Arsenal – I’ve already opined I think Arsenal need a new Central Defending Midfielder – I also think they need another Center-back and perhaps some more depth at Fullback.
Finally, I will take another look at the bubble teams in about 3 weeks time – there are plenty of games this holiday season and at least a nine point swing could occur.
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You can follow me on twitter @chrisgluckpwp
Perhaps a few shockers this past weekend – Queens Park Rangers defeating Sunderland 1-nil and Burnley (only?) drawing with Man United nil-nil certainly are intriguing, and from a pure entertainment standpoint the Chelsea game had it all.
But soccer isn’t about one specific week in League competition – it’s about the consistency of purpose in performing week in and week out.
So for the first three weeks my two teams operating at (unexpected) peak performance are Swansea City and Aston Villa.
Now I’m sure others feel or think Chelsea deserve some credit and they do – but at this stage they’re boring as I’d have expected them to do well.
And as for Manchester United – well… I’ll give them a look a bit later during this 2 week break.
For now though a special look at Swansea City and Aston Villa; wrapped up within my Possession with Purpose Strategic Index analysis after Week 3.
With that here’s the tale of the tape in Composite Possession with Purpose after Week three:
The early season form for Swansea City sees them completing ~85% of all their passes with a mid-table ranking, in Final Third completions, at ~67%.
The most telling difference between Swansea and other teams, early on, is their superb ability in putting shots on goal, per shots taken, (55.56% – leading the EPL) and a healthy 39.29% of goals scored, per shot on goal.
And while the location of those shots might have some value – I expect the space and time the strikers had was telling; in checking shot location for Swansea City it appears 50% of their shots originate from outside the 18 yard box with 2 of them scoring; while 4 of their 15 inside the box have resulted in goals.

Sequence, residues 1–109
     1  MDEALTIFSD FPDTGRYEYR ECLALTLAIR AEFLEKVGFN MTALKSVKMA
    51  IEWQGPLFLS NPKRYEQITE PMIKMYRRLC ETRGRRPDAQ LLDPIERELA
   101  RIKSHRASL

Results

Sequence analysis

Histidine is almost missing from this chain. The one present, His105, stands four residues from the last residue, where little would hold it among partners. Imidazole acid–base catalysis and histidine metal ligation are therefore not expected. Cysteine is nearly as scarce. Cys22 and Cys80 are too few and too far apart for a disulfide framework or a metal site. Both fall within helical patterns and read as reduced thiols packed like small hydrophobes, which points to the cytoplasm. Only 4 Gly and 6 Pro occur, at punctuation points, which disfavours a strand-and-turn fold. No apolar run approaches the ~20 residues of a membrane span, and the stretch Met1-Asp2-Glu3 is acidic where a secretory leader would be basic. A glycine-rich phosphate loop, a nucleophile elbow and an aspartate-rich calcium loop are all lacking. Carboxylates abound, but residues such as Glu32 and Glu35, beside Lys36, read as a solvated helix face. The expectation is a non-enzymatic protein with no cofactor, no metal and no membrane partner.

What’s amazing here is that both Swansea and QPR lead the league in Shots Taken per possession-penetration into the Final Third.
Swansea averages 20.88% shots taken per penetrating-possession – while QPR averages 21.40% (leading the EPL).
Where QPR falters, big time, is they’ve only managed to put 20% of those shots on goal and a measly 8% of those shots on goal have resulted in a goal…
Again, shot location might have value but I’d expect their shot location is okay – where they falter is (perhaps?) more about lack of patience and clear space in order to take quality shots…
A quick check indicates that 24 shots from QPR have come from within the 18 yard box – while 21 shots have come from outside the 18 yard box… seems to reinforce my time and space theory as opposed to strictly looking at shot location… others may have a different view?
Can you say QPR need to buy some strikers?
I would – but perhaps even more important is it appears to me that QPR also need to buy one or two midfielders that have more patience in setting up more shots for their teammates in open space.
Just another example here of why I’d like to see those two new statistics in soccer – Open Pass and Open Shot…
And yes, Swansea have only faced Burnley, Man United, and West Bromich Albion.
At this stage that might not be saying a whole lot but a win is a win is a win – and Swansea have three of them!.
A mid-season win has no more, or less value, than an early season win. So all those second guessing the early season form should recognize nine points is far better than three points; or like Man United, one point!
As for other team performances – it was disappointing to see Man City couldn’t put one past Stoke City this weekend.
They had plenty of possession and penetration, but alas, as Swansea and Chelsea so deftly point out, the full run of the game means you need accuracy in shots taken just as much as accuracy in passing, both inside and outside the Final Third.
Of course, having a player who can dribble-sprint 60 yards, dodge past three players, and meg the keeper, can really help a team – well done Stoke City.